The book arrives on the fiftieth anniversary of its most important predecessor: a slim government report written by an Assistant Secretary of Labor and first printed in an edition of a hundred. The author was Daniel Patrick Moynil1an, and the title was "The Negro Family: The Case for National Action." At first, the historian James T. Patterson has written, only one copy was allowed to circulate; the other ninety-nine were locked in a vault. Moynihan's report cited sociologists and government surveys to underscore a message meant to startle: the Negro community was doing badly, and its condition was probably "getting worse, not better." Moynihan, who was trained in sociology, judged that "most Negro youth are in danger of being caught up in the tangle of pathology that affects their world, and probably a majority are so entrapped." He returned again and again to his main theme, "the deterioration of the Negro family," which he considered "the fundamental source of the weakness of the Negro community"; he included a chart showing the rising proportion of nonwhite births in America that were "illegitimate." (The report used the terms "Negro" and "nonwhite" interchangeably.) And, at the end, Moynihan called- briefly, and vaguely- for a national program to "strengthen the Negro family."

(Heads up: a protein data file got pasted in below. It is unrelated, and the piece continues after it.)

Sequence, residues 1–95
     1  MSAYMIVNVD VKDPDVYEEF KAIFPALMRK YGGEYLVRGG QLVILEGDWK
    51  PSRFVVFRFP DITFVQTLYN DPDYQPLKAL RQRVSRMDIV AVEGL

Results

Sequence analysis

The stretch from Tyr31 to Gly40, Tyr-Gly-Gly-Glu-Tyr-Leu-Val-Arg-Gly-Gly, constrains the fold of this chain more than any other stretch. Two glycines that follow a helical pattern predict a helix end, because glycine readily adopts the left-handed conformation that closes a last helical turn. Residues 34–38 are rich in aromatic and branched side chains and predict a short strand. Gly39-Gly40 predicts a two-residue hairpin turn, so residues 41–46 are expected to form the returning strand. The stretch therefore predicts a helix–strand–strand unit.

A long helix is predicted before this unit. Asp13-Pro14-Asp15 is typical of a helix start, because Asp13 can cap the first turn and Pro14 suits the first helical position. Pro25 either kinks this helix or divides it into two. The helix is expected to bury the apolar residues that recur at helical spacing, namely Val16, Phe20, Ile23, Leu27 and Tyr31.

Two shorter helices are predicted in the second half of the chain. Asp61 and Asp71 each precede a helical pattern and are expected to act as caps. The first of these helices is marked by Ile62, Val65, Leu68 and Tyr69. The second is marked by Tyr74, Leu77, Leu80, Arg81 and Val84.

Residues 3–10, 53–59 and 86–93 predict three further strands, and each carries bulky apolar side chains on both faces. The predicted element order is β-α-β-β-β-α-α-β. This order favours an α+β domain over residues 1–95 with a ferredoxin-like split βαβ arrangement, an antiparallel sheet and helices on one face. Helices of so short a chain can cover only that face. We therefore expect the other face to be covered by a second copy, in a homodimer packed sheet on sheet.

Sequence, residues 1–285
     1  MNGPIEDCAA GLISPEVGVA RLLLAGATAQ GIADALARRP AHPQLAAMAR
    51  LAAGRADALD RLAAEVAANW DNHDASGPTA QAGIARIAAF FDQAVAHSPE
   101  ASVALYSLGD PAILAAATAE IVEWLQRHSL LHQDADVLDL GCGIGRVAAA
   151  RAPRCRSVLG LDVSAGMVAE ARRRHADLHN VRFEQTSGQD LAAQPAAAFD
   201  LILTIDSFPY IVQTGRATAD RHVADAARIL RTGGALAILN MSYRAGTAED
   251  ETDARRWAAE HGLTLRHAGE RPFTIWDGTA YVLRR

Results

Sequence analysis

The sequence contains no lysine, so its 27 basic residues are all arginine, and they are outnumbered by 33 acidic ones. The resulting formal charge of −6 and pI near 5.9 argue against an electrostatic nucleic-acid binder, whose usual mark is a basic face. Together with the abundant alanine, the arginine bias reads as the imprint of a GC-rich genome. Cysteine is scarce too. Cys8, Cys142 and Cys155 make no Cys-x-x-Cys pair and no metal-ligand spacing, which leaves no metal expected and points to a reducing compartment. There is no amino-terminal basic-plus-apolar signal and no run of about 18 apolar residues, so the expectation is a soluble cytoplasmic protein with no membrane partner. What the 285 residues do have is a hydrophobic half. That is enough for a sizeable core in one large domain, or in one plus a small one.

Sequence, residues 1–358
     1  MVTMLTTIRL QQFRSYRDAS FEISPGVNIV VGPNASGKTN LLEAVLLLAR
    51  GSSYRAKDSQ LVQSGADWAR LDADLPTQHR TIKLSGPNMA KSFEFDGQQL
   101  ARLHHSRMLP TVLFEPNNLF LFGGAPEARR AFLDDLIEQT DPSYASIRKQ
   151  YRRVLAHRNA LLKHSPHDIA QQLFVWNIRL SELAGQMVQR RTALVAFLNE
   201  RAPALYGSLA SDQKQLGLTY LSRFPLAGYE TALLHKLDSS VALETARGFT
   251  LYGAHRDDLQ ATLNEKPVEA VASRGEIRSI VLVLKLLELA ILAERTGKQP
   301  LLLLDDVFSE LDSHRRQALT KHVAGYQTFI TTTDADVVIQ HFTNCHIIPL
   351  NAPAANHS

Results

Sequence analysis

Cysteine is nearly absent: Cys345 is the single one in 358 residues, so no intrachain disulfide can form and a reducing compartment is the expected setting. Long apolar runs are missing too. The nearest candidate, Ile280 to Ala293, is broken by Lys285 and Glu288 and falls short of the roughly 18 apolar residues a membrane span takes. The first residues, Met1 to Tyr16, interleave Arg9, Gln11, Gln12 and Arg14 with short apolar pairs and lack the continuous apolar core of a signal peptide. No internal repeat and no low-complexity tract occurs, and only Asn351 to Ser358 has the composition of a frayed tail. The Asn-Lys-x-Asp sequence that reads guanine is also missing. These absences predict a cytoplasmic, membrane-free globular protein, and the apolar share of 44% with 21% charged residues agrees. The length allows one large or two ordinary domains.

The 1965 report was leaked to the press, inspiring a series of lurid articles, and later that year the Johnson Administration released the entire document, making it available for forty-five cents. Moynihan found some allies, including Martin Luther King, Jr. ln a speech in October, King referred to an unnamed "recent study" showing that "the Negro family in the urban ghettos is crumbling and disintegrating." But King also worried that some people might attribute this "social catastrophe" to "innate Negro weaknesses," and that discussions of it could be "used to justify neglect and rationalize oppression." Many sociologists were harsher. Andrew Billingsley argued that in assessing the problems caused by dysfunctional black families Moynihan had mistaken the symptom for the sickness. "The family is a creature of society," he wrote. ''And the greatest problems facing black families are problems which emanate from the white racist, militarist, materialistic society which places higher priority on putting white men on the moon than putting black men on their feet on this earth." This debate had influence far beyond sociological journals: when Harris-Perry accused the Times of "victim-blaming," she was using a term coined by the psychologist William Ryan, in a book-length rebuttal to the Moynihan report, "Blaming the Victim."